Online church was challenging but opened up new opportunities, says report

The study found dissatisfaction with the experience of online religious gatherings.(Photo: Unsplash/Nycholas Benaia)

A major new report has been launched into the impact of the pandemic on religious life in the UK.

The report, "British Ritual Innovation under Covid-19", was conducted by Manchester Metropolitan University and the University of Chester, and examined the experience of churches, mosques and other places of worship during the pandemic.

It was based on the experience of 604 religious leaders and adherents.

The study found that the shift to online not only for services but life events like weddings and funerals due to Covid-19 restrictions was a huge challenge for religious communities.

This was not only the case for religious leaders hosting the events, but also for worshippers who found online worship to be less spiritual, meaningful and effective than gathering face to face.

This was especially the experience of larger congregations, which researchers said suggested smaller religious communities were better able to maintain a sense of togetherness and mutual support during the crisis.

Despite these challenges, the study also found a number of positives emerging from the experience of the pandemic, with online attendance appearing to be higher than before the outbreak of Covid-19 and disabled people in particular benefiting from the digital expansion.

Researchers also found that people enjoyed the opportunity to attend different places of worship from their own, and that online gatherings attracted people who could not or did not wish to attend in person.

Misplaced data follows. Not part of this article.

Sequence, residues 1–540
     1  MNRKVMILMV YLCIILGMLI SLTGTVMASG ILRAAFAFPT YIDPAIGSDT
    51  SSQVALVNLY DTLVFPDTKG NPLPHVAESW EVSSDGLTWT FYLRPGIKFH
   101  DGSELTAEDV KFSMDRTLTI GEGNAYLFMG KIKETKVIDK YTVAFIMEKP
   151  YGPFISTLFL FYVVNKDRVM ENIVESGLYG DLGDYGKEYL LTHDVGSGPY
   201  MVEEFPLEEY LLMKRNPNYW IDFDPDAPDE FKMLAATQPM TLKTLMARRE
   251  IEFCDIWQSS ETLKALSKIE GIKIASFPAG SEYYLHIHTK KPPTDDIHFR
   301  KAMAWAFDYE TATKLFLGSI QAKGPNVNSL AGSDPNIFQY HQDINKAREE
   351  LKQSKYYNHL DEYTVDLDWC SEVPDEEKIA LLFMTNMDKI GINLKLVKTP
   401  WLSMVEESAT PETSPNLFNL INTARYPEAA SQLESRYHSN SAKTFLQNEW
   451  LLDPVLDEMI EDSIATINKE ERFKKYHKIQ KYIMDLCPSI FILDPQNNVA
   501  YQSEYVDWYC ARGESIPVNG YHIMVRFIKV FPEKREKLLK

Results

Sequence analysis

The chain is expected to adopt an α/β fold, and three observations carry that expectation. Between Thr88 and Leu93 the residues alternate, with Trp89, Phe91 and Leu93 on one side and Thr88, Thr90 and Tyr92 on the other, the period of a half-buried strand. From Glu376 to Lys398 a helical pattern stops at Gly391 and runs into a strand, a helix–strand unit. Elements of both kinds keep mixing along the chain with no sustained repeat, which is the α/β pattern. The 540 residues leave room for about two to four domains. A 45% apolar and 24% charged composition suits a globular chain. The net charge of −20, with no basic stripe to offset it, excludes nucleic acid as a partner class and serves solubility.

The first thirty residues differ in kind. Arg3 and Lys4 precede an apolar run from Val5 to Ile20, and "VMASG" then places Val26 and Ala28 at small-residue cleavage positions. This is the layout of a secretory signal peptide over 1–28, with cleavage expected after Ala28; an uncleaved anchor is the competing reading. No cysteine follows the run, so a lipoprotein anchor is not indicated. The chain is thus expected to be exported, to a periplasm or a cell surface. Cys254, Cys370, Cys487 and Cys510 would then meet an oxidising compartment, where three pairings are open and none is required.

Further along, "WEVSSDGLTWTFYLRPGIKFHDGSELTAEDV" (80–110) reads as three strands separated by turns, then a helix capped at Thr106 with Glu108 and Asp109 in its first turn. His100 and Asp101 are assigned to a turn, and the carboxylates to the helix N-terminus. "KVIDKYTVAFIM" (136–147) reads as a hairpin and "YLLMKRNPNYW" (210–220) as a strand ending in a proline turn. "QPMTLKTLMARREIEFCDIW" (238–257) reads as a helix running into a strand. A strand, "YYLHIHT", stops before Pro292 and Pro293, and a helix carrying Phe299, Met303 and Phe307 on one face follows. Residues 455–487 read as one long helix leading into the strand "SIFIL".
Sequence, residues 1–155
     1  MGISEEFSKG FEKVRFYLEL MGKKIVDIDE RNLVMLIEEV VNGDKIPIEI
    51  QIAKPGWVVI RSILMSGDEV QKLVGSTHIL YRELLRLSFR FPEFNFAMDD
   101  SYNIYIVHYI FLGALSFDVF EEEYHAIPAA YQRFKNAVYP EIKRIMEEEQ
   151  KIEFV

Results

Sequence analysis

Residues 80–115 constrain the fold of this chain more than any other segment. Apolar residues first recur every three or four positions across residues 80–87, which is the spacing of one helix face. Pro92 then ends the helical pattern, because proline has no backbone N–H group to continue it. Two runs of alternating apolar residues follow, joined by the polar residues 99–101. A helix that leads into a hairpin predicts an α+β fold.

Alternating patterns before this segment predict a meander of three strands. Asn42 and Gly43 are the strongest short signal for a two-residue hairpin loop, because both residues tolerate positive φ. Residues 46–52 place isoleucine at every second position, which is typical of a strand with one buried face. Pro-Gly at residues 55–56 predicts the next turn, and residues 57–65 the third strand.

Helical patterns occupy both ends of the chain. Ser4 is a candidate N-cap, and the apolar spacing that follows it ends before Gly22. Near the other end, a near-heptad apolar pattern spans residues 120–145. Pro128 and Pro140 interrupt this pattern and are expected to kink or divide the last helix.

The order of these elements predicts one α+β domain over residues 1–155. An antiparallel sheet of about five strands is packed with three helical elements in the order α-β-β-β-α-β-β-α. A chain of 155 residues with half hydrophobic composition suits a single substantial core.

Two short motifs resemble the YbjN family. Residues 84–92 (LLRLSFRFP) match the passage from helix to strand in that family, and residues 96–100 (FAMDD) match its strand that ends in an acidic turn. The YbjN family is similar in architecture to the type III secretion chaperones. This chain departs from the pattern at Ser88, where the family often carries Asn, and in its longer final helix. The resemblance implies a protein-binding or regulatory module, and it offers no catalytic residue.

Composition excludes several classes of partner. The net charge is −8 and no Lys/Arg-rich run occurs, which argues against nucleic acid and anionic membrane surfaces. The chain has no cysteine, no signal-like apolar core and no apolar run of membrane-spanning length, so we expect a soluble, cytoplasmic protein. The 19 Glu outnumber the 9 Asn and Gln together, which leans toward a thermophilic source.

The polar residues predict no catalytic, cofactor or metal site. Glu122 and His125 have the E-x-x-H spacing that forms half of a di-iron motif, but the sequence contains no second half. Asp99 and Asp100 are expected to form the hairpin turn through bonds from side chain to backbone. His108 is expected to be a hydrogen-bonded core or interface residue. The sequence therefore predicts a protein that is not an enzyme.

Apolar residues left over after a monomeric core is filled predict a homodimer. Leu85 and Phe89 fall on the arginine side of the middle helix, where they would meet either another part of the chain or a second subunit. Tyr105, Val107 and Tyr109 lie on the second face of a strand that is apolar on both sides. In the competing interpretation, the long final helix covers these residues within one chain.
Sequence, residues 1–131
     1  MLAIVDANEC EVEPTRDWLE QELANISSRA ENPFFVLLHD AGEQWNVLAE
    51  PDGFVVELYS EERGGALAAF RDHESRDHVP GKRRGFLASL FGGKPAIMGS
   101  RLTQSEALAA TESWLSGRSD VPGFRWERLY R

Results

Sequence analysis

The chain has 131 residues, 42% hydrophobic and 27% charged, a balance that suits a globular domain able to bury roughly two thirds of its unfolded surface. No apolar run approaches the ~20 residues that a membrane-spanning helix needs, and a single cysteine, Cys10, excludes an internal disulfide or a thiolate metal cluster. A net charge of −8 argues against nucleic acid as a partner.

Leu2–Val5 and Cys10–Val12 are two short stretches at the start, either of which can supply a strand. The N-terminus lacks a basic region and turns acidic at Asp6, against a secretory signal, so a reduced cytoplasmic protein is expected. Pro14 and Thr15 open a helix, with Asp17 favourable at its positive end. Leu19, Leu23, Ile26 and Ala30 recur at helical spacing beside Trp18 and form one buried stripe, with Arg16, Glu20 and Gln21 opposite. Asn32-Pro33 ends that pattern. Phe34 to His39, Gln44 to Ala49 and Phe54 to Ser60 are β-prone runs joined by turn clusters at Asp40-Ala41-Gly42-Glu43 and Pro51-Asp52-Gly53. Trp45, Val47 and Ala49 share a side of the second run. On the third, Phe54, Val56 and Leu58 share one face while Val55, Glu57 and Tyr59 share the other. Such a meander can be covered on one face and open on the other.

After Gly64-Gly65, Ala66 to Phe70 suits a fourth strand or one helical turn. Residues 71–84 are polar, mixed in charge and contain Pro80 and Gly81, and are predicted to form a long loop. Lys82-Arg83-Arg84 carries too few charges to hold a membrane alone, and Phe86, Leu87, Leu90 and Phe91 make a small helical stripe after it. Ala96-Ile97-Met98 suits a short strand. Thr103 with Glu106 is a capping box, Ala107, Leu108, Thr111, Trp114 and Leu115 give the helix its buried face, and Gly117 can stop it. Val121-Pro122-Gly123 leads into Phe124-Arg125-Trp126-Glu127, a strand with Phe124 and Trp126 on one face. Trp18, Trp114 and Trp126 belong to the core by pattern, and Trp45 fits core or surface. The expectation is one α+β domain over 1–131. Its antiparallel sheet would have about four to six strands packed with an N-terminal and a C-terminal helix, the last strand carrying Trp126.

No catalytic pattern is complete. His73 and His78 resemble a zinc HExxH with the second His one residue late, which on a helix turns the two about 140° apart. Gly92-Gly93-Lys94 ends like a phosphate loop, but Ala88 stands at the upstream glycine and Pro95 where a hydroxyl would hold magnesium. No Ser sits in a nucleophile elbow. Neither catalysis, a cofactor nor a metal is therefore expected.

"While the disembodied nature of online practice could make some rituals feel distant or inauthentic, the ability of worshippers to join communities far from their homes has nevertheless been perceived as a significant positive development that is likely to continue," they said.

"This is especially for people with disabilities, for those who do not have a local congregation that serves their religious needs, or for members of faiths whose numbers in the UK are relatively small."

The report further says that the pandemic has accelerated an existing trend towards digital religious experience and predicts that hybrid will remain, although researchers suggest the experience needs to be improved.

"The relative overall dissatisfaction with online worship suggests a limit to the potential of online-only communities," the report continued.

"Some form of online-offline hybrid seems likely to be the way forward."

Dr Josh Edelman, Reader at Manchester Metropolitan and lead researcher, said: "During this crisis, people have found meaning, stability and community in participating in the rituals of their faith.

"Digital technologies have made that possible, even during social distancing, and that's been a great benefit.

"But the experience of worshipping online is different than the experience of worshipping in person, and while there have been some very exciting developments, the sense of community that comes from face-to-face gathering is hard to beat.

"We hope this project will help religious leaders think through the possibilities and challenges of digital technology, so that when they're used, it's in a helpful, humane way that broadens out and opens up religious life, rather than shutting it down."

Professor Alana Vincent, Professor of Jewish Philosophy, Religion and Imagination at the University of Chester and researcher on the project, said: "The pandemic has accelerated a move towards digitisation which was already highly likely—but it has also made people more aware of what cannot be digitised.

"The challenge for religious communities going forward will be to maintain the good things, such as increased accessibility, while also providing the sense of community and connection that people crave."

The study is available to read in full online.